Print Edition - 2017-03-30 | News
Need for consensus grows as date for polls draws closer
Mar 30, 2017- The country is set to vote on May 14 to elect representatives at 744 local units to fill the democratic deficit that has plagued local development works for the last two decades.
Political parties save a few have already started campaigns while there is palpable enthusiasm among people for local level elections which have not taken place since 1997.
But there are some concerns, especially in view of the growing trust deficit between Kathmandu and the Tarai.
The Samyukta Loktantrik Madhesi Morcha (SLMM), an alliance of seven Madhes-based parties, in particular has objected to the local elections on two grounds. First, it has taken exception to the Pushpa Kamal Dahal government’s move of declaring polls without addressing its demand of constitution amendment. Secondly, some Morcha leaders have maintained that [the central] government infringed upon the jurisdiction of provincial governments, which are yet to be formed, by declaring polls and they are calling for putting off May 14 elections and holding provincial and federal elections first.
They have announced protests and warned of disrupting polls. Hence security could be a major challenge when it comes to polls in Tarai districts, especially those in Province 2.
“It’s more about political will rather than security challenges,” Home Secretary Lok Darashan Regmi told the Post, downplaying fears of security threats. “Security challenges are minimal as we have already dismantled armed outfits in the Tarai. All four security agencies have already geared up for polls. If political forces decide to go the other way, polls could be affected,” he added.
The government is still in talks with the Morcha to convince the latter to participate in elections. Even hours before flying to China, PM Dahal was holding talks with Morcha leaders on March 23. He returned from China on Wednesday. For Dahal, addressing the Morcha’s concerns has become a moral obligation, as he had promised constitution amendment when he was elected prime minister in August last year. Before leaving for China, he had said there could be a breakthrough after his return.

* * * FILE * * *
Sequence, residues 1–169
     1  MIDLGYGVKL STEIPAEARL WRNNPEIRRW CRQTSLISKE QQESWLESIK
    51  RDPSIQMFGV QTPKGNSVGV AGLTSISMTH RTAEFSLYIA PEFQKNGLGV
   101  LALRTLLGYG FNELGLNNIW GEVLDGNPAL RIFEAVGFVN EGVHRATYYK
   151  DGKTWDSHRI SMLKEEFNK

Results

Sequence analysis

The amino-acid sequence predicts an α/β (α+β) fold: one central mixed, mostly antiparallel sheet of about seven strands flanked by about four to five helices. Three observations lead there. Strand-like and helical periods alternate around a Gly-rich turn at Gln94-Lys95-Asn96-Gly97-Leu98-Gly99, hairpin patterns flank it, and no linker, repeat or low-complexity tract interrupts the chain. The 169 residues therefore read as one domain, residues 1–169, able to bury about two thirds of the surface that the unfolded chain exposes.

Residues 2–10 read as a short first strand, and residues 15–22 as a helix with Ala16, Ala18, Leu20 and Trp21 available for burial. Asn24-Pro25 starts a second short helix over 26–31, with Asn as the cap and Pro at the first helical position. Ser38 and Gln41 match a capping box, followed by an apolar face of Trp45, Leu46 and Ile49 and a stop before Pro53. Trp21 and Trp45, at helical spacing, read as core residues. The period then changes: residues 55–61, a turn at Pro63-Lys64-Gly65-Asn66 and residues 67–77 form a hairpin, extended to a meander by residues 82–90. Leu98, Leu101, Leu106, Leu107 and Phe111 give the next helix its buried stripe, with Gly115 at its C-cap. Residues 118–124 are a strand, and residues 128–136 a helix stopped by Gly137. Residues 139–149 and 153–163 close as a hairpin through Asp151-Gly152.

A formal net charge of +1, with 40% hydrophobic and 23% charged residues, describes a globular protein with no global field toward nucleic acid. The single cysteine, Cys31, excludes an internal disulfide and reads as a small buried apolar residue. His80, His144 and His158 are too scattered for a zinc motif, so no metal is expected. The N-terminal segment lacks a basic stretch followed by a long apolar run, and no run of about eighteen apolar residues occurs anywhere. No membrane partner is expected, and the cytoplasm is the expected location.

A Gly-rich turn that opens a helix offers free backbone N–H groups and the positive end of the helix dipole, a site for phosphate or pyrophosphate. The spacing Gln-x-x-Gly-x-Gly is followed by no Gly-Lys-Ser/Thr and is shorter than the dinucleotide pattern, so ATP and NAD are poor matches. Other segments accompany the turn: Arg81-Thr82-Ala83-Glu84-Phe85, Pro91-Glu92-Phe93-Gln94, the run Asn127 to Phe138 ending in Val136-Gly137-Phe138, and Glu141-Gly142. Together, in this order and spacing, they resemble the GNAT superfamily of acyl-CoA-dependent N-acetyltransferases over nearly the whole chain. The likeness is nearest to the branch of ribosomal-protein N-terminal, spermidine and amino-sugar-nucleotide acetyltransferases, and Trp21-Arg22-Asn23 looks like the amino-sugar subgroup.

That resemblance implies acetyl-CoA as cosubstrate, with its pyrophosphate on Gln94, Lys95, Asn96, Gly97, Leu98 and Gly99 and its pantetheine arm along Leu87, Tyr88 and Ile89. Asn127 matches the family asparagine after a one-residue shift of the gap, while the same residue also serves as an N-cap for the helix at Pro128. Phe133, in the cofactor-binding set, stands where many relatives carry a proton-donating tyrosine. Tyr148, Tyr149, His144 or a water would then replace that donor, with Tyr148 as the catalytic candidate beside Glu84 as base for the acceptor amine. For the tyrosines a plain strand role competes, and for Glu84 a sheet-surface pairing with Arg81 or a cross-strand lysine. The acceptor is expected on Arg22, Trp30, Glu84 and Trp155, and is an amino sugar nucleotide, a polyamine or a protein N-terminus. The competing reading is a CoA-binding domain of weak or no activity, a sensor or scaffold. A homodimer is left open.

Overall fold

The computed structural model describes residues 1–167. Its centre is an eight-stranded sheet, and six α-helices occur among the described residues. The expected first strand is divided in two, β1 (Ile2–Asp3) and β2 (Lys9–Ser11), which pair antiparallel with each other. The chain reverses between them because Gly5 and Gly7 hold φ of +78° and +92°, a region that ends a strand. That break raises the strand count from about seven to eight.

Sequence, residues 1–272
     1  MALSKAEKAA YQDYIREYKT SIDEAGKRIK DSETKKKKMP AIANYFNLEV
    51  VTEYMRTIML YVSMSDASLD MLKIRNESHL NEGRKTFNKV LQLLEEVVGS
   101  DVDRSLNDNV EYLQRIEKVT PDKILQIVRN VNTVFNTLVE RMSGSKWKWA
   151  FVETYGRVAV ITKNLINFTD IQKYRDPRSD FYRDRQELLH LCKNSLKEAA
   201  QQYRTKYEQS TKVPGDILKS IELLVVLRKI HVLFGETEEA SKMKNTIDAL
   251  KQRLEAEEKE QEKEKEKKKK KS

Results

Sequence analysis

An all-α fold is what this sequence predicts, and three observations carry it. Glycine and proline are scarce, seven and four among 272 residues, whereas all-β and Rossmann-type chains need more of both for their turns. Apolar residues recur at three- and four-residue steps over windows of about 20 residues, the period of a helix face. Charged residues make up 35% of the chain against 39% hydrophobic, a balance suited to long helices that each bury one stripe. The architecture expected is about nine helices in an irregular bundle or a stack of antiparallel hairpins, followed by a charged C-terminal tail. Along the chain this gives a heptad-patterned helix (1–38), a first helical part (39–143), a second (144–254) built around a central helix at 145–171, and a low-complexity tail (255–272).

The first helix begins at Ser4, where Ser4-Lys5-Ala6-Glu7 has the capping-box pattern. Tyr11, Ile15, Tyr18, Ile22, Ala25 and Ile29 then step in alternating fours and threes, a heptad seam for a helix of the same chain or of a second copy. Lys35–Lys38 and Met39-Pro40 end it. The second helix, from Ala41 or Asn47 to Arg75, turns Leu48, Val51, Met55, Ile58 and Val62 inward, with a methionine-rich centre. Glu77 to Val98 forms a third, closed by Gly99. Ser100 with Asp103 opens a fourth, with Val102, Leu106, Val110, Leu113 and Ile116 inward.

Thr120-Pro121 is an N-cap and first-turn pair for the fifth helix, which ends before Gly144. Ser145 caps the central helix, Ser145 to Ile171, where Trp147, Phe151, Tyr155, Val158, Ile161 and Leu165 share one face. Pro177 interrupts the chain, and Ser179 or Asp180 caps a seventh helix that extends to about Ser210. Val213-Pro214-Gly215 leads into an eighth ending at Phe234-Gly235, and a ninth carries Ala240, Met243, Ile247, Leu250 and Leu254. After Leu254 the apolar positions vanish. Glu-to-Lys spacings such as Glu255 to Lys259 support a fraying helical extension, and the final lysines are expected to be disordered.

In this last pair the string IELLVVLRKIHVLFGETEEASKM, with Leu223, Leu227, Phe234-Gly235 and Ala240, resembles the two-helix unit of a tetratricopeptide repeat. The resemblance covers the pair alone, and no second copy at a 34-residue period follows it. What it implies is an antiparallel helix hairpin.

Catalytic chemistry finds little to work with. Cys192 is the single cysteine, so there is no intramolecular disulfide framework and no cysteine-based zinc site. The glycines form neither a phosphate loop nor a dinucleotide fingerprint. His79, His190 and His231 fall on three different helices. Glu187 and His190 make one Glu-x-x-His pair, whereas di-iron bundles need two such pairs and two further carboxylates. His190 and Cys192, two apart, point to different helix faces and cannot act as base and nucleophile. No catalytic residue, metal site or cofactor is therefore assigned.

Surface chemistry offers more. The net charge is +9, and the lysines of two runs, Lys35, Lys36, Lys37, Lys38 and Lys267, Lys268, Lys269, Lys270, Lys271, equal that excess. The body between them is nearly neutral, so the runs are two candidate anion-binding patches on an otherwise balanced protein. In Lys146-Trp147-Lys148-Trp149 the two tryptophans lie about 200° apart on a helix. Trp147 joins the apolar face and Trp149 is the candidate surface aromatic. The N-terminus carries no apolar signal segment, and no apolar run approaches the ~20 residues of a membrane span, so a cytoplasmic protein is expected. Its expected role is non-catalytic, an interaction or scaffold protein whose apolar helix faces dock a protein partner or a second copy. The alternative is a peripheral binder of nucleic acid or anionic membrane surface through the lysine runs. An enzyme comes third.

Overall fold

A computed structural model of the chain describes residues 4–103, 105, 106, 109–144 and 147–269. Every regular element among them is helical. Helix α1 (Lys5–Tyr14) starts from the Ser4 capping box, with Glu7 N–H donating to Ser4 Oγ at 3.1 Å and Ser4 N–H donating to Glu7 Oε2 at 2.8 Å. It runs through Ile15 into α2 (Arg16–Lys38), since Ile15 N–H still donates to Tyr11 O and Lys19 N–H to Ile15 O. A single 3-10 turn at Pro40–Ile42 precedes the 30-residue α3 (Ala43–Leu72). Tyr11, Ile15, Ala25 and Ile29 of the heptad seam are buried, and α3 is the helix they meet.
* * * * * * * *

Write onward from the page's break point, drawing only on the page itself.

Talking to reporters on Wednesday after returning from China, PM Dahal said “nothing can stop local level elections slated for May 14”.
“My government will work to create a favourable environment for elections,” he said, adding that the demands put forth by the Morcha would be addressed by next parliamentary elections. He, however, stopped short of mentioning the issue of constitution amendment.
Minendra Rijal, a central leader of the Nepali Congress, the largest party in Parliament, said his party “is trying to get all political forces on board elections”. “We are of the view that elections must happen and the constitution amendment bill should be approved for the same,” he said.
The main opposition, CPN-UML, however, holds strong opinions against constitution amendment.
The UML has maintained that the government should focus on polls and not on constitution amendment and that the constitution amendment bill tabled in Parliament is against national interest. “As of now it appears that the government is committed to polls,” said UML Chief Whip Bhanubhakta Dahal. But he would not rule out the possibility of government deferring the polls—if the constitution amendment bill fails to move forward—blaming the Morcha.
Ashok Rai of Sanghiya Samajbadi Forum-Nepal, one of the key constituents of the Morcha, said the fate of elections still hangs in the balance.
The agitating Madhes-based parties have told the government that one article of the constitution related to transitional provision should be scrapped, one independent article should be created for federal commission and the proposed federal commission should be made powerful with full authority to define the rights of the state, ascertain the number of states and their demarcation.
“If our proposal is rejected, it will be difficult for us to participate in polls. We have already made our points clear to the government; we are waiting for a response,” said Rai. “We already have our reservations about the constitution. Holding May 14 polls will mean one step ahead towards implementing the constitution. So our protest will continue until our demands are met.”
"Nothing can stop local level elections slated for May 14"
- PM Dahal
"Elections must happen and constitution amendment bill should be approved for the same"
- Minendra Rijal, NC leader
"Government seems committed to polls but it may defer them blaming the Morcha"
- Bhanubhakta Dahal, UML leader
"We have put our proposal on government’s table. If it is rejected, it will be
difficult for us to take part in polls"
- Ashok Rai, Morcha leader
Published: 30-03-2017 08:32